The strange scent had vanished and he couldn’t pick it back up. Not for lack of trying. He scented his way around the dooryard, keeping one eye out for Rachel. He finally saw the short woman standing on the top of the newly completed tower. Her shoulder length dark hair hung straight down, even so high up the air was still. Lucky trotted over to the base of the tower. Steep steps, almost a ladder, led up the back and he climbed them carefully. The tower itself was about four stories tall with a wall around it that was taller than Lucky at the shoulders, but shorter than the diminutive shape of Rachel.
The woman looked over her shoulder as she heard Lucky’s claws hit the plywood flooring. Her dark eyes, the color of slate, were troubled and they narrowed when she saw him. Each step across the plywood added another heavy rock to the weighted sensation that filled him. He tried to shake it off, actually shaking out his fur halfway across the flooring to the woman.
He tried out a few greetings in his head as he walked over, finally settling on, “Hi.”
“Hi.” Her voice was terse and clipped. “What are you doing up here?”
Lucky’s tail was low, held in a mostly neutral position and not wagging in the slightest. His ears were up and forward and while his body remained tense, he didn’t project anger. He wasn’t sure what to expect from Rachel. There had been so much said the previous night and he wasn’t quite sure where any of it came from.
“I actually came up here to talk to you.”
“What do you want?” She asked.
“Can we just talk?”
She turned back to looking out over the dooryard from the top of the tower. There was a rifle leaned against the low wall at her side. “I said what I wanted to say last night.”
“Not really.” Lucky padded over to stand next to her, lifting up to put his paws on the low wall and peer over it. “You have concerns about me. We should talk about it. Maybe we can get past it.”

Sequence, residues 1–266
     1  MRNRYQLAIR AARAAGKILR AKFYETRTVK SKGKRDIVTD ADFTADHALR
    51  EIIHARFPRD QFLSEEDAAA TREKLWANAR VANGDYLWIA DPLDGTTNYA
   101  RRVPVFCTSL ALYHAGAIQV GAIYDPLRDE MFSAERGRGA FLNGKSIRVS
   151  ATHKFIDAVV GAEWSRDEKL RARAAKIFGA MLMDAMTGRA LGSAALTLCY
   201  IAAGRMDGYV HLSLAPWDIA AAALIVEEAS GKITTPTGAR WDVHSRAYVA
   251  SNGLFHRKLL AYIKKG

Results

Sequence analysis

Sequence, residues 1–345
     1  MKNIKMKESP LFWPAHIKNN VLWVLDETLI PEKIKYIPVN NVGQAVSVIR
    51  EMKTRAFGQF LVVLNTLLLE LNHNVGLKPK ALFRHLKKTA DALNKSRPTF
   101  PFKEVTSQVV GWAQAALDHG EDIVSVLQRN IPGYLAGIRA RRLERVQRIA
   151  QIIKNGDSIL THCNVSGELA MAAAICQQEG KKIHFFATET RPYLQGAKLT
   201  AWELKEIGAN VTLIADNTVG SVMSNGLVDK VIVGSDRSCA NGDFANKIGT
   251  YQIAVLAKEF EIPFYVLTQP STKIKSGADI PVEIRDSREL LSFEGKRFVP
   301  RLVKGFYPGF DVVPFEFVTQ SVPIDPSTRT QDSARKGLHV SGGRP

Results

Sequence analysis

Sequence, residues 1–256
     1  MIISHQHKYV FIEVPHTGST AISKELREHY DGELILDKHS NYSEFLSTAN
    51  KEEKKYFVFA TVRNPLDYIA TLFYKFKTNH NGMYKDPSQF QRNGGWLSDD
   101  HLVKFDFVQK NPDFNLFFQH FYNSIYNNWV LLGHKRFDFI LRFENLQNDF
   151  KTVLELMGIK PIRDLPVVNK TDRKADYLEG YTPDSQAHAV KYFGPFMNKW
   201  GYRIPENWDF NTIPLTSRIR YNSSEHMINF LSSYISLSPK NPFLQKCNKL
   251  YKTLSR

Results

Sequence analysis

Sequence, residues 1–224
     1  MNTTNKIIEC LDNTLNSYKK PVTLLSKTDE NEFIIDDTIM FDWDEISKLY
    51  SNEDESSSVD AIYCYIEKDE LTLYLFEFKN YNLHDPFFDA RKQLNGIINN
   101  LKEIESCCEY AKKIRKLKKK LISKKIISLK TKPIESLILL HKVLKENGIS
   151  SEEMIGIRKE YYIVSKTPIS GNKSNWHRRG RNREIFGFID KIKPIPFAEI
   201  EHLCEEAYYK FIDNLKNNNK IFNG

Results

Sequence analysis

“I’m not sure I want to, Lucky.”
Lucky’s brow furrowed and he glanced at her again. She wasn’t paying any attention to her, she was staring off into the middle distance, probably not even keeping watch as well as she should be. “What do you mean?”
“This whole thing is more than I ever wanted. I lost my husband in the Winds. He had been a little sick before, but he was getting better. Whatever this is?” She ran a hand through her hair and Lucky realized she must have done it a hundred times before. “Whatever this is, it took that away from me. Whatever we may have been, it’s gone. Whatever time I may have had with him, it’s gone. This took that from me, he was cancer free. Four more months and he would have been declared in remission. He could have been healthy again. We had hope.”
The big dog let out a faint whine, but he didn’t respond immediately. “I’m sorry.” He said at last. “I’m not sure I understand what that has to do with us talking about our disagreements.”
Her slate colored eyes met his for a long time, as though she was searching for something in their depths. Eventually she looked away with a sigh. “This bullshit has ruined my life.” Her cheeks flushed red and her eyes flashed as she went on. “Ruined it. I lost my husband, my house.” She shook her head. “My cat has disappeared and Nicky is beside himself. He’s lost so much.”
Lucky winced. “Simon’s fine. I just dropped him off at the Barn with his Boy. He doesn’t like being cooped up inside all the time, he asked me to talk to you and his Boy about it. I didn’t get the chance to ask about it yesterday.”
She closed her eyes and pinched the bridge of her nose. “You could have opened with that.”
“I should have.” He admitted. “I guess I wanted to try to get us sorted out.”
She sighed, leaning her elbows on the wall and putting her head in her hands. “It doesn’t matter what I think, Lucky. You’re the Chosen One.”
“That’s not true at all. Your opinion matters.”
“It really doesn’t, Lucky. You control the territory, you control your pack, you control the dogs, and the coyotes, and the fox, and the squirrel, and now you’re giving me demands from my cat.”
“It’s not a demand, Rachel. Simon can’t talk to you himself and he asked me to be his voice.”
“That’s not the point!” Her voice was rising again. “The point is, you’ve got everything. You haven’t lost anything. You have superpowers, for God’s sake!”
“You can too.”
“Again, Lucky, not the point.” She shook her head, fingers digging into her hair and palms hiding most of her face.